What It's Like to Own an EV

Chad Yee
Jun 2024
Is making the transition from gasoline to electric difficult? Bruce and Marlene, from Toronto, traded in their SUV for an electric car five years ago. They've learned many valuable lessons which will may help you make your own decision.
A couple, Bruce and Marlene, standing in front of their Tesla electric vehicle

The Switch From Gasoline to Electric

Making a transition in life is never easy. Transitions are often accompanied by hesitation, doubt, and uncertainty. Especially when it’s taking a road less travelled. Such is the case for consumers looking to make the transition from a conventional gasoline vehicle – also known as an internal combustion engine (ICE) vehicle – to an electric vehicle (EV). EVs are new technology, and many buyers have questions, particularly in areas that impact their lifestyle, practical needs, and commuting patterns.

A few years ago, Bruce and Marlene from Toronto, Canada, decided to make the leap to an electric car. Their family of five has owned many ICE vehicles, including a Ram truck, Honda Odyssey minivan, and Acura MDX SUV, as well as a Toyota Prius hybrid. Not surprisingly, they had many questions about transitioning to an EV. Would an EV fit into their lifestyle? Would an electric car be a practical and reliable mode of transportation? Would an EV be a financially sound investment? What adjustments would they need to make?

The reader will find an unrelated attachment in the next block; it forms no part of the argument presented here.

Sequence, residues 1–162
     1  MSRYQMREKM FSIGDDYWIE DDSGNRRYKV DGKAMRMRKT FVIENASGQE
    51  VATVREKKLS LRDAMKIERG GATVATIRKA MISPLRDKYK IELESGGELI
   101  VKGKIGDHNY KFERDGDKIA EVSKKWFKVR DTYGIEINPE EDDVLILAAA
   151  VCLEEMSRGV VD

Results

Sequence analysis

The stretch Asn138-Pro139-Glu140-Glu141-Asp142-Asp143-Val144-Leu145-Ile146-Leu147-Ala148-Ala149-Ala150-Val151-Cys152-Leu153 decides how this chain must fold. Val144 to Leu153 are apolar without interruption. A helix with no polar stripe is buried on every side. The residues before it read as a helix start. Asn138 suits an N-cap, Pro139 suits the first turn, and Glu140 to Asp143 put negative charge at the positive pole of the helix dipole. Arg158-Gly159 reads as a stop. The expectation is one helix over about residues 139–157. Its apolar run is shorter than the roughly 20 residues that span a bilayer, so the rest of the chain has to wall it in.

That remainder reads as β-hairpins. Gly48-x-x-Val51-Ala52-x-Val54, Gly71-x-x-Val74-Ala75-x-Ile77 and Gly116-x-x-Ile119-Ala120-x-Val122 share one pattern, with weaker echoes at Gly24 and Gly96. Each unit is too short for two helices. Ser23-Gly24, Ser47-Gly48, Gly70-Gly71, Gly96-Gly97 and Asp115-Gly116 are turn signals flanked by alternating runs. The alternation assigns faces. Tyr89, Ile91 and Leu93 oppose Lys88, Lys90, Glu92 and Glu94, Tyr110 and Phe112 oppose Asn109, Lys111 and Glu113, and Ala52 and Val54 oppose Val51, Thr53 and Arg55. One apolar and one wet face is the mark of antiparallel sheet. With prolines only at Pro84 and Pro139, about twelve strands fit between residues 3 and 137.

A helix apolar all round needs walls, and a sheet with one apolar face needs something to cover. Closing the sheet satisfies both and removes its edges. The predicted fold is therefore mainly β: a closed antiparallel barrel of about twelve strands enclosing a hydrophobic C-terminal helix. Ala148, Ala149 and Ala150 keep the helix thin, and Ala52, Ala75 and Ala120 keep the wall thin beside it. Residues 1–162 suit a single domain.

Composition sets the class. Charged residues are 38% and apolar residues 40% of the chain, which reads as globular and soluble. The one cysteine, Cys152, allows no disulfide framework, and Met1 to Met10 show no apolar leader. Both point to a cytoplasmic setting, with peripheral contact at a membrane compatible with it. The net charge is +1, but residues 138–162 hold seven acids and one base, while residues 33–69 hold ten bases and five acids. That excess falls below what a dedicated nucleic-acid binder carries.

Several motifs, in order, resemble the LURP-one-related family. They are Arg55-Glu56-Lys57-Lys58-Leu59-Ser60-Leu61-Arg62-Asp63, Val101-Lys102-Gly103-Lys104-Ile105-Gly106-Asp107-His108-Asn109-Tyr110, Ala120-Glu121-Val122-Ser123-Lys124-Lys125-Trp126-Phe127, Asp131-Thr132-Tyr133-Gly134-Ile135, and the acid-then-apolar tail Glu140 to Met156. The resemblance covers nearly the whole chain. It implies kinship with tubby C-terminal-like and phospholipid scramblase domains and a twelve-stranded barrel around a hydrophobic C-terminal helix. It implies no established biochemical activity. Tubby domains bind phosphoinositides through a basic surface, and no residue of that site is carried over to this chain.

Going Electric: Environmentally Friendly and Financially Viable

With three daughters, Bruce and Marlene wanted a vehicle that was more environmentally friendly, practical, and financially feasible. According to Marlene, their decision to go EV was a “no-brainer,” not only for environmental reasons but also for cost savings in fuel and maintenance.

Buying another gas or hybrid vehicle meant continuing to pay more for gasoline with rising prices – as well as regular vehicle maintenance. They calculated an EV would dramatically reduce their maintenance costs, since EVs have significantly fewer moving parts than ICE vehicles. Charging with electricity meant that their operating costs would be significantly reduced, especially when using off-peak electricity rates.

In their five years of ownership, Bruce and Marlene estimate they have saved over $10,000 (Canadian) in gasoline alone versus a comparable ICE vehicle. Their Tesla Model 3 RWD has an estimated EPA rating of 131 MPGe (miles per gallon equivalent), or 26 kWh per 100 miles. With their annual mileage of around 12,500 miles, their Tesla Model 3 consumes 3,231 kWh of electricity – the equivalent of just 95 gallons of fuel.

Charging at home, at an off-peak electricity rate of $0.087 per kWh, equates to only $281 in electricity per year. In contrast, a comparable gasoline-powered BMW 330xi sedan has an estimated EPA rating of 28 mpg combined – and would cost over $2,400 in gasoline per year.